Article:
History of the U.S.A.
I — Indians, Vikings and Columbus
Although the history of the United States began when the English started forming their first colonies in North America, the history of the continent is much longer and richer. About 15.000 years ago, the territory of what is now Canada and the U.S.A. was colonized by Asian settlers, who had crossed today’s Bering’s Strait. These people are nowadays known as “Native Americans” or just simply “Indians.” 500 years ago, the Indian population contained about 10 million inhabitants, nowadays the number is about two or three million.
According to tradition, the first Europeans who landed in the New World were Vikings (Norsemen) — the nation of warriors, sailors and shipmakers that settled Northern Europe about 1.000 years ago. At first they sailed along the European coast and attacked other nations, later a group of Vikings led by Eric the Red discovered Greenland and settled there. One day, when Eric’s son named Leif Ericsson wanted to visit his father, a strong gale blew his ship off the course and the ship’s crew landed in the country that had never been seen before. Because they saw many vineyards, where native inhabitants grew vine-grapes, the Vikings named the land Vineland (current New Foundland). But even though this legend was truthful, it wouldn’t diminish the role of Christopher Columbus.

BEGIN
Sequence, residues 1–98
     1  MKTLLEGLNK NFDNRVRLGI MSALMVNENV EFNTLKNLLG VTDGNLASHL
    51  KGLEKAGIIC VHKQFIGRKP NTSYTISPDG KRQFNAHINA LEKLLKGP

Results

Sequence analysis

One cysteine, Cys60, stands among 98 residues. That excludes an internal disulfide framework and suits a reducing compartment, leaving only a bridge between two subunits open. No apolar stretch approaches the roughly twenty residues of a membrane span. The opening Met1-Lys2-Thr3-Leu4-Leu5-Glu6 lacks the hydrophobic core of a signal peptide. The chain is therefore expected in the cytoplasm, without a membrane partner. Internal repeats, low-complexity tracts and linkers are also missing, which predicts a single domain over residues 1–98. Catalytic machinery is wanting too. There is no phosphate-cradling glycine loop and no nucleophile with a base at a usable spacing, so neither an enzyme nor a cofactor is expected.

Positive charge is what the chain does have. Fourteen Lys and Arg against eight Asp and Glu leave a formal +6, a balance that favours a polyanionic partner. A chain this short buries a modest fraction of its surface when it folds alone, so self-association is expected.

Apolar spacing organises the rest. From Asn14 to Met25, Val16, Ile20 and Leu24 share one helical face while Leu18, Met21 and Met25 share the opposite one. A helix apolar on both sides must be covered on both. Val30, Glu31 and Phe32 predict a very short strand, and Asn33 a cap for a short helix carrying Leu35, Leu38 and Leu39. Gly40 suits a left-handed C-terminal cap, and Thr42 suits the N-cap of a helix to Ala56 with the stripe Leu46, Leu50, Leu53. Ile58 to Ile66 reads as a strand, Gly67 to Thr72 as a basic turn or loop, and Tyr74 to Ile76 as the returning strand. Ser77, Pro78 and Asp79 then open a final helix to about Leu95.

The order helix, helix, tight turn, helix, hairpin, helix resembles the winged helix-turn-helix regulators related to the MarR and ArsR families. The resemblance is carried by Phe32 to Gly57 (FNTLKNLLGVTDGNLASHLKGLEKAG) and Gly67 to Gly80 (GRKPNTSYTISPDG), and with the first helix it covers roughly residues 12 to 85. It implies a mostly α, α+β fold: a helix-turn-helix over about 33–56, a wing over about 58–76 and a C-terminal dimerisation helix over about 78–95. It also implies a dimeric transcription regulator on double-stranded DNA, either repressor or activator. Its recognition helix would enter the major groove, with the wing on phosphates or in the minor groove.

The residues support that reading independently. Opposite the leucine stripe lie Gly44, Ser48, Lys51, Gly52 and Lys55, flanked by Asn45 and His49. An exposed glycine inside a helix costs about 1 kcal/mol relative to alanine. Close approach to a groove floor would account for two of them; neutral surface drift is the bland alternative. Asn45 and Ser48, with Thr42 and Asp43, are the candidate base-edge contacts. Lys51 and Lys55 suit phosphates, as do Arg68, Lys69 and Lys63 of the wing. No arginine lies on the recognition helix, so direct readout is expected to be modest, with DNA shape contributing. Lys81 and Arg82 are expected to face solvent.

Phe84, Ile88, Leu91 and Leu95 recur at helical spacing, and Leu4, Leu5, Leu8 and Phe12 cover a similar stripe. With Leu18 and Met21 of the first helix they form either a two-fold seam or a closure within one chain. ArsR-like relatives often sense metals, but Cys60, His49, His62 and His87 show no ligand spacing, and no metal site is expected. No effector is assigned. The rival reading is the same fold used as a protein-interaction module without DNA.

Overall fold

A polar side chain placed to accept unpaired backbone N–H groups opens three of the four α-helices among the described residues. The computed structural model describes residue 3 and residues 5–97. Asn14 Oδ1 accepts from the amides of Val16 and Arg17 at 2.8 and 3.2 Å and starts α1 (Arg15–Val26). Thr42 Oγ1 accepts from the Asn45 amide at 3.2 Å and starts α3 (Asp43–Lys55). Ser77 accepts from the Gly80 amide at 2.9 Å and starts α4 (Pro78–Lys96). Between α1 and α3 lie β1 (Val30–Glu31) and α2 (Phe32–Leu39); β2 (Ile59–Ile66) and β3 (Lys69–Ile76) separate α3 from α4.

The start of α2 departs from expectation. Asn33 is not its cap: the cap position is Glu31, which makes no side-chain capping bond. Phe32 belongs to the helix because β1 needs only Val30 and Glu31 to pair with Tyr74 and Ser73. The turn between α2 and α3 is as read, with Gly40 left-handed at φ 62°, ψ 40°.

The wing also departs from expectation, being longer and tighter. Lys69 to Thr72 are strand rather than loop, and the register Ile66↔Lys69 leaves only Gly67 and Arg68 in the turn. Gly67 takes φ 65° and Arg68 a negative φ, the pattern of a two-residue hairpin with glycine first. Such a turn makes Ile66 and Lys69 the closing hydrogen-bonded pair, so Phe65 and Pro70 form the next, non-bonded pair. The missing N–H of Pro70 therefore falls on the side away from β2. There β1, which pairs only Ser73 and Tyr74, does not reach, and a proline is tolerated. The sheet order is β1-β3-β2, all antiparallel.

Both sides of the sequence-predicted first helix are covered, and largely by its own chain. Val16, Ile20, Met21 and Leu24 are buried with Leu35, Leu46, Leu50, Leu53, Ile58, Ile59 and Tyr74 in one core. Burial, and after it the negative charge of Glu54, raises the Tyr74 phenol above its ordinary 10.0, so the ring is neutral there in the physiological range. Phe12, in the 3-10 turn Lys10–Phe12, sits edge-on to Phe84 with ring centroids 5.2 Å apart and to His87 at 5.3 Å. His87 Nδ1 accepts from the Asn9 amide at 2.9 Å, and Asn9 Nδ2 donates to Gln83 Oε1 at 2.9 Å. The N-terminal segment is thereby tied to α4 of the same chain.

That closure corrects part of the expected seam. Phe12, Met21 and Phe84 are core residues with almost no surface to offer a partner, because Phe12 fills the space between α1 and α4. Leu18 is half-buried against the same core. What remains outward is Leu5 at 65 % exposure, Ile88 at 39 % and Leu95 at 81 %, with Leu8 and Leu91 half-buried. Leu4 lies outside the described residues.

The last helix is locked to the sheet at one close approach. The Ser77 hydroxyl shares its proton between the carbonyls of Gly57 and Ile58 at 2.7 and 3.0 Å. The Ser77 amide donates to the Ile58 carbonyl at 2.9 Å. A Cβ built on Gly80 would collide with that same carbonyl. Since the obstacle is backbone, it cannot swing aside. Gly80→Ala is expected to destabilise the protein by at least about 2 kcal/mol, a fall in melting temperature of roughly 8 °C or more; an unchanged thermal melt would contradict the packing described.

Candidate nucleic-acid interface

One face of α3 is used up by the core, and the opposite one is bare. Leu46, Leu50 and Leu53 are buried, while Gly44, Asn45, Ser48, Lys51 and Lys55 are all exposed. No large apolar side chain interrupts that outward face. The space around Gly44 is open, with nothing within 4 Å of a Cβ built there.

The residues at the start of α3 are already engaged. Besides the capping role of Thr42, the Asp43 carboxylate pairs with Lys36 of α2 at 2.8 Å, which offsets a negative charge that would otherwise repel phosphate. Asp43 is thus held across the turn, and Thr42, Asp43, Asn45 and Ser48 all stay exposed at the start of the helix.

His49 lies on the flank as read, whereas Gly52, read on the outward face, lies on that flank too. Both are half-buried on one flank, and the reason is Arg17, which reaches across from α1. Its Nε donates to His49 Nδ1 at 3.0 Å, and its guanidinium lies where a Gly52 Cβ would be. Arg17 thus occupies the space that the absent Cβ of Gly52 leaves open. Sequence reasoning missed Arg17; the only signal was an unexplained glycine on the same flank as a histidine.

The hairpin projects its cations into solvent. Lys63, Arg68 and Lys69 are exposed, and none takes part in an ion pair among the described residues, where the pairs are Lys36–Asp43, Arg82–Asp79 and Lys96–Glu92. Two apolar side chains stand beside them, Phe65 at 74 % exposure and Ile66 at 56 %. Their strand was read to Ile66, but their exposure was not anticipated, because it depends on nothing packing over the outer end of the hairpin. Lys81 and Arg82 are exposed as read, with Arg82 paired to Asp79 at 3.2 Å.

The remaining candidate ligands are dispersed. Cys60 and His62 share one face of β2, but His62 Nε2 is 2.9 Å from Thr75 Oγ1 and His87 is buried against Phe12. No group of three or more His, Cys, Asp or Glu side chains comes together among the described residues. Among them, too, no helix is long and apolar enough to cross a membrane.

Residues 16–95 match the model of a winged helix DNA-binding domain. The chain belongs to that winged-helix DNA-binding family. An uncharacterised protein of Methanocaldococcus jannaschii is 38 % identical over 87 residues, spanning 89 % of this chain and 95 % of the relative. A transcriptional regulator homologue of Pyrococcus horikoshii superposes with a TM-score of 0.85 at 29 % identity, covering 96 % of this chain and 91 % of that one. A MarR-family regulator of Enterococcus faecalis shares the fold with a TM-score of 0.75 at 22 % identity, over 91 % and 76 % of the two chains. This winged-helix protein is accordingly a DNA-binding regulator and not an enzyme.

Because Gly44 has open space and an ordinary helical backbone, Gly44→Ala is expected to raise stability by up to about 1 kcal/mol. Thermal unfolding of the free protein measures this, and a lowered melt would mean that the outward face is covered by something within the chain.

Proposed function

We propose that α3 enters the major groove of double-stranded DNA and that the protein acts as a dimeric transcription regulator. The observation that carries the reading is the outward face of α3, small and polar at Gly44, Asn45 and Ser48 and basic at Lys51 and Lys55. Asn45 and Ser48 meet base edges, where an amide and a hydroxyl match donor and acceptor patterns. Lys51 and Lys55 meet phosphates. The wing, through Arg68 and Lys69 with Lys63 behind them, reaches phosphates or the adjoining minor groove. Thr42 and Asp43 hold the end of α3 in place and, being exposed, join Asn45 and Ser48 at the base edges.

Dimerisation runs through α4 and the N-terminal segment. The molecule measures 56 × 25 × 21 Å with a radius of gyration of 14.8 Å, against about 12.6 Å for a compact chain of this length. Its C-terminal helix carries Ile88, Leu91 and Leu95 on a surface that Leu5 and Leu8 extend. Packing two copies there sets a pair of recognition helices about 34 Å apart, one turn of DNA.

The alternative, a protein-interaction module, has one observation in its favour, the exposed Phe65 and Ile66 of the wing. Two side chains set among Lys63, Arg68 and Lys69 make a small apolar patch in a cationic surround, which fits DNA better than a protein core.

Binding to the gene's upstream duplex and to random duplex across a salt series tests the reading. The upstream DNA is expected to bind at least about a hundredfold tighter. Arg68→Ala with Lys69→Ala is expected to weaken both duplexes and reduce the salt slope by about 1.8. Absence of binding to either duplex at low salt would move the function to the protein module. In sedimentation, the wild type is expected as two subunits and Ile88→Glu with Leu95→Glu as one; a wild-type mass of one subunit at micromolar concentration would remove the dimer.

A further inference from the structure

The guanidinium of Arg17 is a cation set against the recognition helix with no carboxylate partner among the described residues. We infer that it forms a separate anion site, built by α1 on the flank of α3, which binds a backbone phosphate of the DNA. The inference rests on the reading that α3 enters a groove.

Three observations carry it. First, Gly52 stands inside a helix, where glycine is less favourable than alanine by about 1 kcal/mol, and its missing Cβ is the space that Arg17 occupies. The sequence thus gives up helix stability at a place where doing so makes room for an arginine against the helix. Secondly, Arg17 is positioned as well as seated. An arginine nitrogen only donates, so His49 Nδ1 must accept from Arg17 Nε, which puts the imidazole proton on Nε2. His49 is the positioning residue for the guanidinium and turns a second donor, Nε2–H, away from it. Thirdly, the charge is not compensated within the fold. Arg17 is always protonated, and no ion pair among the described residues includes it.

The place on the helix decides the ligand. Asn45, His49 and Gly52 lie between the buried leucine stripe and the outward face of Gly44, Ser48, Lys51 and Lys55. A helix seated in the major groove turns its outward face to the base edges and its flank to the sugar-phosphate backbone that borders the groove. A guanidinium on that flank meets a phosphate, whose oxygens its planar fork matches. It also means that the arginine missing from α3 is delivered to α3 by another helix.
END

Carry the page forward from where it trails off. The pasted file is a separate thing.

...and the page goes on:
Christopher Columbus was born in Genoa, Italy. Although his parents were successful clothmakers and merchants , Christopher didn’t follow the career of his predecessors . He moved to Portugal and lived in the port town of Lisbon with his brother Bartholomew, who owned a shop that sold navigation tools, maps and charts. Christopher had plenty of time to study them and they, as well as near shipyards making caravels (which were much faster than other ships), made him believe there could be easier route to the “spiceland” in Asia. At first he asked the Portuguese king to give him money necessary for the journey, but the king refused. Columbus moved to Spain and asked Isabelle, the Spanish queen. Within next six years, Columbus received enough money to buy three ships (Santa Maria, Niña and Pinta) and everything he needed, and he set out on a dangerous trip to an unknown part of the Earth. On October 12, 1492, Columbus woke up with the cry of “Tierra, tierra!” He landed in Holy Savior, one island of the Bahamas. As a proof he was in Asia (he believed the land he stepped onto was India), he brought a parrot, six natives, gold and an alligator.